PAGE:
Dec 8, 2022, 10:00 am EST / 17:00 CET
CAIDP Conversation: EU Regulatory Power and the Brussels Effect with Anu Bradford and Marc Rotenberg
As an influential superpower, the European Union (EU) is a global standard setter that shapes the world and impacts global trade and commerce. Today countries from Brazil to Saudi Arabia have adopted privacy laws based on the EU GDPR. Will the European Union exert similar influence with the Digital Services Act, the Digital Markets, and the forthcoming Artificial Intelligence Act? And what about the possibility of a "Beijing Effect" as China extends its regulatory reach through the Belt and Road Initiative. The United States has tended, in recent years, toward a self-regulatory approach for digital services. Could that policy leave the US on the sidelines as the EU and China set the rules for the digital economy or does the Blueprint for an AI Bill of Rights provide the outline of a global policy for the United States?
Henry L. Moses Professor of Law and International Organization,
A leading scholar on the EU’s regulatory power and a sought-after commentator on the European Union, global economy, and digital regulation, Anu Bradford coined the term the Brussels Effect to describe the European Union’s outsize influence on global markets. Most recently, she is the author of The Brussels Effect: How the European Union Rules the World (2020), named one of the best books of 2020 by Foreign Affairs. Bradford is also an expert in international trade law, digital regulation, and antitrust law. She spearheads the Comparative Competition Law Project, which has built a comprehensive global data set of antitrust laws and enforcement across time and jurisdictions. The project, a joint effort between the Law School and the University of Chicago Law School, covers more than a century of regulation in over 100 countries and has been the basis for Bradford’s recent empirical research on the antitrust regimes used to regulate markets.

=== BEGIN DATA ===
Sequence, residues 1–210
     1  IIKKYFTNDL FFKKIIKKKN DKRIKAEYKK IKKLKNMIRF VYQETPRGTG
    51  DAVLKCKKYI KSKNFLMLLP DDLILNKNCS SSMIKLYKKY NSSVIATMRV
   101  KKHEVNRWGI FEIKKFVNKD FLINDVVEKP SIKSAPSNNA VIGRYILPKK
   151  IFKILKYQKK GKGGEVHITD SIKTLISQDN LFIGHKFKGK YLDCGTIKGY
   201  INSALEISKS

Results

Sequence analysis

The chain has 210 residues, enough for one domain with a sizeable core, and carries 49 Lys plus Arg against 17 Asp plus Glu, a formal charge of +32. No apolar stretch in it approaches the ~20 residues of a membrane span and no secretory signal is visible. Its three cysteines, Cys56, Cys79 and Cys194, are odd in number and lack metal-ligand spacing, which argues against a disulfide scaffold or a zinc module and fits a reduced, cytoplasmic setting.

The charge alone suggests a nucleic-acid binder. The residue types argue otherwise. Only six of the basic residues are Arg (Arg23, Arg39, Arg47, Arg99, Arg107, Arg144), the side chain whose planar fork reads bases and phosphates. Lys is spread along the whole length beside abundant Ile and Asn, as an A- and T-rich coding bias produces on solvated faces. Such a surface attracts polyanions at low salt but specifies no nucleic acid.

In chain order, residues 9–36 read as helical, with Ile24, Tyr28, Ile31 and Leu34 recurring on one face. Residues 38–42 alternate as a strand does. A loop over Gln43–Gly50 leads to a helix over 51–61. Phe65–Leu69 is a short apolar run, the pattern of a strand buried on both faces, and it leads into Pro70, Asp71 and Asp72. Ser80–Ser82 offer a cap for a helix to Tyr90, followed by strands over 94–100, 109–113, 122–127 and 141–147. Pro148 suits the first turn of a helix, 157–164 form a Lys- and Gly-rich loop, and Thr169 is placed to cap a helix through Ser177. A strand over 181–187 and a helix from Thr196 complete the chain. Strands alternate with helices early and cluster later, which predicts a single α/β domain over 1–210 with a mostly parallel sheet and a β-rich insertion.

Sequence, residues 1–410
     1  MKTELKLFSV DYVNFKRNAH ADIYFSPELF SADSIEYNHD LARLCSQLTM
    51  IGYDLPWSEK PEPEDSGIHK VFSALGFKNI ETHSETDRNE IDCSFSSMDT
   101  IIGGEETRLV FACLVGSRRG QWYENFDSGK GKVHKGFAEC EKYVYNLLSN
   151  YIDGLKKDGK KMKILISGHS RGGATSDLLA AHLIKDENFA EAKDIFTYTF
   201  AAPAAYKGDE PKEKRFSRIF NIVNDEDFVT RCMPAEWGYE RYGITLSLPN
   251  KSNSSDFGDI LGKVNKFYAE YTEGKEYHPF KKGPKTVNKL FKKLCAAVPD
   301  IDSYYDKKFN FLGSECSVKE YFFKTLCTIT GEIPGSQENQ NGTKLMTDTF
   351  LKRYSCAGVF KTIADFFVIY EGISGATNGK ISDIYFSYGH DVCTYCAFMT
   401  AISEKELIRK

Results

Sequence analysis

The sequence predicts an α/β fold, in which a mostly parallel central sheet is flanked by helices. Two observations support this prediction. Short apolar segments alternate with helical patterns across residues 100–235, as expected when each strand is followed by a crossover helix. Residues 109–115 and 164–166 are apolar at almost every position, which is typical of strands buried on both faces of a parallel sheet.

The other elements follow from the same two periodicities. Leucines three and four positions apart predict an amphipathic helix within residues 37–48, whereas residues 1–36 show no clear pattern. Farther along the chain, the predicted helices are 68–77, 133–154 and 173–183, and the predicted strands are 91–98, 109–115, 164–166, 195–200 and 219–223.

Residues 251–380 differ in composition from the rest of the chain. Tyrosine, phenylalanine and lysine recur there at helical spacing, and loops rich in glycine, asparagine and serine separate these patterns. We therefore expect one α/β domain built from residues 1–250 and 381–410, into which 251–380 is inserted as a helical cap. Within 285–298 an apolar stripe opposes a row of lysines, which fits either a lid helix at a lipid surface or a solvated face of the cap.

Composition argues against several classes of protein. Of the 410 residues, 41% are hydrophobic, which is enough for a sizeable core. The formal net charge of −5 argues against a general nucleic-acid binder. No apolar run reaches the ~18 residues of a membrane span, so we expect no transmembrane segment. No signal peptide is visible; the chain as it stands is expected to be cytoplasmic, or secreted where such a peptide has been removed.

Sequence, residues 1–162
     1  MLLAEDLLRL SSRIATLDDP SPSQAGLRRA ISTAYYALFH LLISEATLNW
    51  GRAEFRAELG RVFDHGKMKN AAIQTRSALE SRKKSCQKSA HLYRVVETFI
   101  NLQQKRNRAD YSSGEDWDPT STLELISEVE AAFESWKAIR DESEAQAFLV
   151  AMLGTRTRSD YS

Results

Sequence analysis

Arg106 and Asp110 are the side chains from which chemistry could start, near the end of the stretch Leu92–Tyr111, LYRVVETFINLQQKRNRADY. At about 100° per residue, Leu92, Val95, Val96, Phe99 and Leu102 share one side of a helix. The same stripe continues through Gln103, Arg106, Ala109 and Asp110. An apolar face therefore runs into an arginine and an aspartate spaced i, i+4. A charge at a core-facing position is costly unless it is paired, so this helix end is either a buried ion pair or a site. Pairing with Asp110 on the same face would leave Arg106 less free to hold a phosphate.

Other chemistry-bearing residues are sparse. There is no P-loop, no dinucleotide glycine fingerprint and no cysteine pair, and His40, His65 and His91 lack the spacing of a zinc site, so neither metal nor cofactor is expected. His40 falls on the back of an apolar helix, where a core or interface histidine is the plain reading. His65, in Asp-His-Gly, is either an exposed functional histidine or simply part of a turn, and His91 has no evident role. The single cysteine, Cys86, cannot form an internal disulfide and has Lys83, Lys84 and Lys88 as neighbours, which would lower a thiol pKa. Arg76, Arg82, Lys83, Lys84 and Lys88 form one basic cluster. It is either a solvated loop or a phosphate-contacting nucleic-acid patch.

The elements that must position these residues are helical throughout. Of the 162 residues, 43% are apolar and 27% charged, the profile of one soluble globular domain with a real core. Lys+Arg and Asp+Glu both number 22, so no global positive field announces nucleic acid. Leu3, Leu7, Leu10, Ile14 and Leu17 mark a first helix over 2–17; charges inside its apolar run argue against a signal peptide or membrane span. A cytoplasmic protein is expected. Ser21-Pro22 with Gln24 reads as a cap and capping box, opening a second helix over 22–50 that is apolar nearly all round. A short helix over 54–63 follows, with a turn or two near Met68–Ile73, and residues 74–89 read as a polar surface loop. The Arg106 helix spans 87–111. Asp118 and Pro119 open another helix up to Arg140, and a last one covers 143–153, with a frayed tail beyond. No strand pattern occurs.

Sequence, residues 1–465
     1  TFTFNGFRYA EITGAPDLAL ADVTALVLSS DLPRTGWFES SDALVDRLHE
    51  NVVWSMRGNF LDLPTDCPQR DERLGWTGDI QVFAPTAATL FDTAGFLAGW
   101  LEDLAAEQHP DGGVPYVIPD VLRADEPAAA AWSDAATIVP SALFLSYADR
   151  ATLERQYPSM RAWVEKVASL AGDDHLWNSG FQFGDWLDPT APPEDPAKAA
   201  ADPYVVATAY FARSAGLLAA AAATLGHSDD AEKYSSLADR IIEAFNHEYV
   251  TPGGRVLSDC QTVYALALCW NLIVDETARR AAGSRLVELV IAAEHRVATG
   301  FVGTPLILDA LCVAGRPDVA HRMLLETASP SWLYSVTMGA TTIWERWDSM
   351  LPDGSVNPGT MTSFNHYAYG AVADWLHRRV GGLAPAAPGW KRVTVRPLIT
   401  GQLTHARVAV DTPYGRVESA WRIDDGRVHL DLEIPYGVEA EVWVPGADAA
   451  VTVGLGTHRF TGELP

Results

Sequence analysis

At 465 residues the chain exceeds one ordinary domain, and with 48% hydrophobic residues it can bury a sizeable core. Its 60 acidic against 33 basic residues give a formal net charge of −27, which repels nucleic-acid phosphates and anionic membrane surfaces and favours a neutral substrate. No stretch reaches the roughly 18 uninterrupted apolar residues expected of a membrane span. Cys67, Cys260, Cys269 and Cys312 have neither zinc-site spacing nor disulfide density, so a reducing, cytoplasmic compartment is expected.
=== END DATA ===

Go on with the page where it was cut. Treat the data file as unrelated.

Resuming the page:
Bradford is the director of the European Legal Studies Center, which trains students for leadership roles in European law, public affairs, and the global economy. She is also a senior scholar at Columbia Business School’s Jerome A. Chazen Institute for Global Business and a nonresident scholar at Carnegie Endowment for International Peace.
Center for AI and Digital Policy
Marc Rotenberg is President and Founder of the Center for AI and Digital Policy. He is a leading expert in data protection, open government, and AI policy. He has served on many international advisory panels, including the OECD AI Group of Experts. Marc helped draft the Universal Guidelines for AI, a widely endorsed human rights framework for the regulation of Artificial Intelligence. Marc is the author of several textbooks including the 2020 AI Policy Sourcebook and Privacy and Society (West Academic 2016). He teaches privacy law and the GDPR at Georgetown Law. Marc has spoken frequently before the US Congress, the European Parliament, the OECD, UNESCO, judicial conferences, and international organizations. Marc has directed international comparative law studies on Privacy and Human Rights, Cryptography and Liberty, and Artificial Intelligence and Democratic Values. Marc is a graduate of Harvard College, Stanford Law School, and Georgetown Law, and a Fellow of the American Bar Foundation, the Council on Foreign Relations, and the European Law Institute.